Republican Party Trump Card
Republican presidential candidate Ted Cruz called it “the darkest 24 hours in our nation’s history.”
Was he referring to:
- The outbreak of the American Civil War
- The assassinations of Abraham Lincoln or John Kennedy or Martin Luther King
- The 1929 Wall Street crash
- Pearl Harbour
- The realisation that the immensely costly and destructive Iraq War was launched on the basis of a lie.
None of the above: according to Cruz, America’s darkest day was when the Supreme Court decided not to overturn the Patient Protection and Affordable Care Act, aka Obamacare, and ruled that states cannot ban same-sex marriage. Thus the extension of health insurance, previously the preserve of the rich, and marriage, previously the preserve of the straight, is worse than war, depression, assassination and mass murder.
And what does fellow Republican presidential contender Mike Huckabee believe will “bring death to America”:
- Bird flu
- Climate change
- North Korean nuclear missiles
- Psychopathic gunmen wrapped in the Confederate flag
Again, none of the above: Huckabee was referring to the just-announced nuclear deal with Iran. He wasn’t alone. It appears all 17 Republican presidential hopefuls believe the treaty painstakingly negotiated by the US, Russia, China, Britain and France is not merely not worth the paper it’s written on, it’s positively catastrophic.
It will – Huckabee again – “wipe Israel off the map.” It’s worth pointing out that Israel, itself often accused of being a terrorist state, already has a nuclear arsenal whereas Iran doesn’t and, by virtue of this treaty, won’t have for at least a decade.
So apart from bringing death to America and Israel, are there any other flaws? You bet: it will lead to widespread war in the Middle East.
Leaving aside the fact that war in the Middle East is the current and normal state of affairs, this assertion begs the question of how the critics would deal with Iran and its nuclear programme. Well, by making war in the Middle East even more widespread or, as the 2008 Republican presidential candidate John McCain put it, singing along to the tune of the Beach Boys’ Barbara Ann, “Bomb, bomb, bomb, bomb, bomb Iran.”
Fittingly, given that the Republicans are now essentially a party of religious fundamentalism, their candidates are partly taking their lead from Zionist Israel and Wahhabist Saudi Arabia who are terrified – hopefully with good reason – that the Iran deal foreshadows a seismic realignment which reduces their malign influence on US Middle East policy.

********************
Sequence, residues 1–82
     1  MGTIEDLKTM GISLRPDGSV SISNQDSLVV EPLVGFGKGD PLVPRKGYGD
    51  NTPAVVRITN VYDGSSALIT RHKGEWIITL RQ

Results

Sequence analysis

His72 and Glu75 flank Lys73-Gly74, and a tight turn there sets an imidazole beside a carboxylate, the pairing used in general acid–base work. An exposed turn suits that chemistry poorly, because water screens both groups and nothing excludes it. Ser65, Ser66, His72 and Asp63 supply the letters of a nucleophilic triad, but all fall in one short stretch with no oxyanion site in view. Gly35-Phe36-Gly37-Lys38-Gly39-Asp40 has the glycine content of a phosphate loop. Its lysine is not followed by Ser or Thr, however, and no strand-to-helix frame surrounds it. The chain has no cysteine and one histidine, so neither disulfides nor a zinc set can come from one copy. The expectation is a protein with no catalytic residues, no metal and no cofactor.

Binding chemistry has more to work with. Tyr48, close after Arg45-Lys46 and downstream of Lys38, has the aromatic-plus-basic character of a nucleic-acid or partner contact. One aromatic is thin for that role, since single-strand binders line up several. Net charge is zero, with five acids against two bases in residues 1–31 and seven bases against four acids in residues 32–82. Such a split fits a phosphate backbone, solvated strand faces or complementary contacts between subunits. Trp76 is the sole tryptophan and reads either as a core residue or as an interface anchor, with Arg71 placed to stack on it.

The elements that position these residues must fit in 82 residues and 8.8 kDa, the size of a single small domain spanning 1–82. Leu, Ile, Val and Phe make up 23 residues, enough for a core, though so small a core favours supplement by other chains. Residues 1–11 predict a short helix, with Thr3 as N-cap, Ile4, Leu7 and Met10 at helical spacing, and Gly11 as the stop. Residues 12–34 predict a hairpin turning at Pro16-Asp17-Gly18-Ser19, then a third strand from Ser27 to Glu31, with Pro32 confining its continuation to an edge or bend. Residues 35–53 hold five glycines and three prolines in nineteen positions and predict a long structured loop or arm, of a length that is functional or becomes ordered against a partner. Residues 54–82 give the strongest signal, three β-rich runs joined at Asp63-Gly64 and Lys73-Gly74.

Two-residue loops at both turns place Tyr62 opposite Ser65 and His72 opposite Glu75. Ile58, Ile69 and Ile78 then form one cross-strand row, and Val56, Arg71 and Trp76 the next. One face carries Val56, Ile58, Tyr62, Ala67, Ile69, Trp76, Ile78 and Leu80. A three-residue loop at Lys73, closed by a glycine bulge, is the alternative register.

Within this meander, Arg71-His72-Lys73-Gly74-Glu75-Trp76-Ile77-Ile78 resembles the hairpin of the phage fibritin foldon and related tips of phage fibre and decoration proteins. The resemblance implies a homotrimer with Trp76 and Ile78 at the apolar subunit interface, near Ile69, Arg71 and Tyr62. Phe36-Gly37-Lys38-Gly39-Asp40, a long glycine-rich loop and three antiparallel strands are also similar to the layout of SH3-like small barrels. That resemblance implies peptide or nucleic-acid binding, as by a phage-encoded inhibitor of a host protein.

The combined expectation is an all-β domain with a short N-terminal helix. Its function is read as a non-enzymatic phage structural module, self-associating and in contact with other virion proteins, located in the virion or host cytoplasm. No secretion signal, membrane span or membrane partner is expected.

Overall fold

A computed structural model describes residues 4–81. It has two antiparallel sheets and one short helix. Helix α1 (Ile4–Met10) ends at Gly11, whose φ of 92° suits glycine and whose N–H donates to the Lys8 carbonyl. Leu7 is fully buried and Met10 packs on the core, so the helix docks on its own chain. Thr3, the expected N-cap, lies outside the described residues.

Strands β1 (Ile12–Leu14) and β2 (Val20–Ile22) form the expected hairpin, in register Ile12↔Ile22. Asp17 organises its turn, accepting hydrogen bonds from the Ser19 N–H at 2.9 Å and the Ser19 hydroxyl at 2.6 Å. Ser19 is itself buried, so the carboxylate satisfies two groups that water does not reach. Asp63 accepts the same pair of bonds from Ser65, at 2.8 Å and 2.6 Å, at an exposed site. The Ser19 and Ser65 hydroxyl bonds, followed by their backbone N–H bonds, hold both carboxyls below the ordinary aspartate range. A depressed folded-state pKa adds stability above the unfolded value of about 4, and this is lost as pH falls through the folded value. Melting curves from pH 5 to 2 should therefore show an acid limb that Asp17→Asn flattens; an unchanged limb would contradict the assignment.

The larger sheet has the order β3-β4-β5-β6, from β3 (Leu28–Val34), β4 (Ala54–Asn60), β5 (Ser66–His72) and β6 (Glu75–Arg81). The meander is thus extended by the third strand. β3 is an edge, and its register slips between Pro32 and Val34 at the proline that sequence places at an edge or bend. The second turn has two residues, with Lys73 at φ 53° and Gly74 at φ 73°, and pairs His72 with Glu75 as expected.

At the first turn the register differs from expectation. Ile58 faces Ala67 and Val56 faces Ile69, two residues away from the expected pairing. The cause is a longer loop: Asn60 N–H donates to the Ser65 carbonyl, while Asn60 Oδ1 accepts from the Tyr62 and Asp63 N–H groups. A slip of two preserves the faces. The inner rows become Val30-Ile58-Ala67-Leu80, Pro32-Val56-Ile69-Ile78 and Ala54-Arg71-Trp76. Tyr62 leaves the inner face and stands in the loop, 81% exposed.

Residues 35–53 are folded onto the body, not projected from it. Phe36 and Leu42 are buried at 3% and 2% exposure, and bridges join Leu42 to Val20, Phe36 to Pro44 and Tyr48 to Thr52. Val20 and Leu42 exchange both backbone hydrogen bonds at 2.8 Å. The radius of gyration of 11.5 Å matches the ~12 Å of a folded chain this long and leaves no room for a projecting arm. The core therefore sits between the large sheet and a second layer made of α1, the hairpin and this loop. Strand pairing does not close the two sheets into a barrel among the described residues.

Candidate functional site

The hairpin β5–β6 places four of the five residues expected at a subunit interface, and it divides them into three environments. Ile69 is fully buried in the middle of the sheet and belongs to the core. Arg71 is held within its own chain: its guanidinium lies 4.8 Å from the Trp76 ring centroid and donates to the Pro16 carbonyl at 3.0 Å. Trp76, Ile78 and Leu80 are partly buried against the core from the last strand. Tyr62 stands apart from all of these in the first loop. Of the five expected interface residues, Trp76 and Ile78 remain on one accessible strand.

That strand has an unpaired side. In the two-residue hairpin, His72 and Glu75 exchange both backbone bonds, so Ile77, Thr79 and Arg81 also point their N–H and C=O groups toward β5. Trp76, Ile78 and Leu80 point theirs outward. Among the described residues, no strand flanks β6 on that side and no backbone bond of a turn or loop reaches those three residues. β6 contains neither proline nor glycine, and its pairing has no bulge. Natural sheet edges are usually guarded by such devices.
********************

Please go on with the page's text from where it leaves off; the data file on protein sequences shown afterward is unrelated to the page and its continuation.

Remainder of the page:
But their kneejerk denunciations also signal a frightening abandonment of diplomacy as a means of defusing tension, avoiding conflict and managing international affairs. The mindset seems to be that diplomacy should be reserved for friendly nations with whom you have interests in common; for the rest, it should be the threat or use of military force.
That they remain disposed towards armed intervention which has accelerated rather than suppressed Islamic militancy shouldn’t come as a surprise since persisting with policies that achieve the exact opposite of what was intended – witness the Cuba embargo and the War on Drugs – is something of an American speciality.
The takeover of American conservatism by evangelical Christianity, Fox News and a handful of shadowy billionaires has transformed the Republicans into the party of wilful ignorance: doctrinal purity is more valued than intelligence; tolerance has been supplanted by persecutory moralising; paranoia has replaced realism.
This process may be reaching its logical conclusion with the emergence of property billionaire Donald Trump as the front runner for the party’s presidential nomination. Trump personifies everything the rest of the world despises about America: casual racism, crass materialism, relentless self-aggrandisement, vulgarity on an epic scale. He is the Ugly American in excelsis.
You might expect a tycoon/buffoon cross to be a political player in some Latin American failed state or backward former Soviet republic, places with no democratic tradition or public institutions that have stood the test of time and no such thing as “the people” in the sense of an educated, civic-minded citizenry.
The fact that so many Republicans are comfortable with the thought of this monumentally unqualified individual in the Oval Office shows how warped the party has become.
To borrow the doomsday rhetoric of their candidates, the Republican Party is now an existential threat to America’s leadership of the global community.
This article originally appeared in the New Zealand Herald.